My 7-year-old daughter LOVES this video (Poops + unicorns = hilarity). Shout out to my dad for sending it to us. I've now had to listen to my daughter talking about unicorn poops for a week.
Did you know that our bodies were designed to squat? And not just for pooping.
My 94-year-old grandmother squats when gardening and sometimes just to hang out. She was born in Indonesia, and like many other Asian countries, squatting is considered a normal part of everyday life.
How does this relate to birth?
According to Evidence Based Birth, "For women without an epidural, pushing in an upright position is associated with a decrease in the risk of episiotomies, vacuum and forceps-assisted deliveries, and fetal heart rate abnormalities, an increase in the risk of second-degree tears, and a possible increase in the risk of having blood loss more than 500 mL"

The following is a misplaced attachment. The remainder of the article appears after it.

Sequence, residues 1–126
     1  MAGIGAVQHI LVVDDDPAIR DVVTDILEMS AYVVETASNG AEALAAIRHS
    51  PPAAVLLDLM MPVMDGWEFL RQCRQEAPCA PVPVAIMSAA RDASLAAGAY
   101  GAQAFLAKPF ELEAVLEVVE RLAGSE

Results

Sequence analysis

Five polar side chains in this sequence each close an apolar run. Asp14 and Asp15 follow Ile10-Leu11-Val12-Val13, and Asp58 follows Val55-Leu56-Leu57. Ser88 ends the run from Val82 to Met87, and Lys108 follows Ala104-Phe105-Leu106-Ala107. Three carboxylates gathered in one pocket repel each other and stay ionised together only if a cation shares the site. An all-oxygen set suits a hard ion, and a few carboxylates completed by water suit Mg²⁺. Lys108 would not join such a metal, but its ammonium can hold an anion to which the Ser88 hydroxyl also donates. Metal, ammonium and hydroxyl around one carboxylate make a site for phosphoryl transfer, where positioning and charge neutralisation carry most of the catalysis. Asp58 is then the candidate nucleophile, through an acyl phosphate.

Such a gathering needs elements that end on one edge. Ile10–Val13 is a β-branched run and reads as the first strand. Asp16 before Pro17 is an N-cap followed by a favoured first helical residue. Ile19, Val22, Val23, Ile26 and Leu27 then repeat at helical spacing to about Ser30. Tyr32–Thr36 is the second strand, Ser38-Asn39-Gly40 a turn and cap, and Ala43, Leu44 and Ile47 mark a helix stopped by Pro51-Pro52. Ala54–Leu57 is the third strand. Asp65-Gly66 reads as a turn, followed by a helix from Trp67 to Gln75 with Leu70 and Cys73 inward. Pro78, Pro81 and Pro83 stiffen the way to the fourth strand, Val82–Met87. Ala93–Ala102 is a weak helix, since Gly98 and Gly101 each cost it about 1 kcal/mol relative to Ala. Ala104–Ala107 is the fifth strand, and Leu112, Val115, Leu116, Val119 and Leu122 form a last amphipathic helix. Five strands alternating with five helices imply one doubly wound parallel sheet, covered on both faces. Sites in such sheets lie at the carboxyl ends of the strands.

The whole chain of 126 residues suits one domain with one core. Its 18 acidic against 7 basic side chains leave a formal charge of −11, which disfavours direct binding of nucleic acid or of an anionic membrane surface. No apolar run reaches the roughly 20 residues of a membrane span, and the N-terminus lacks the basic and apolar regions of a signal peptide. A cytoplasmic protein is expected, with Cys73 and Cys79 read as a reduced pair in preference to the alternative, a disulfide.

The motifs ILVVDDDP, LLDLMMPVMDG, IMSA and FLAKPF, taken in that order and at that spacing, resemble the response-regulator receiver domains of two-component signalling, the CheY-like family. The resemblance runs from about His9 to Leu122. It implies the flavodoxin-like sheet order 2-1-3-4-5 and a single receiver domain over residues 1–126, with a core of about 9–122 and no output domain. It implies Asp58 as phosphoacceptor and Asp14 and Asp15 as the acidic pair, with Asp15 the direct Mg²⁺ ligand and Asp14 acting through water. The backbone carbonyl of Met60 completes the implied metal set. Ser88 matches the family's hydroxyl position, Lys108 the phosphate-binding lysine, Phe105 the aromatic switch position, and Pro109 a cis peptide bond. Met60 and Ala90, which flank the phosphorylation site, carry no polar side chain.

That's pretty great news! But it's not just for pushing. Squatting lengthens the pelvic muscles and can actually provide some relief while labouring.
What about if you have an epidural?
The great news about epidurals is that it numbs pain and sensation and allows mothers to rest. The not so great news is that it restricts movement (since it's not safe to rely on your legs due to loss of sensation). So during labour, rest, and when it comes to pushing, your partner and/or doula can help you into an assisted squat using a rebozo or squatting bar (if the facility you are giving birth in has one). And studies have shown that women with epidurals who remain upright in the second stage of labour can shorten labour (ask us about the Queen of Sheba throne!)
As birth doulas, we know squat. And now, I'm going to get some ice cream.
What position did you use to birth? Tell us in the comments below!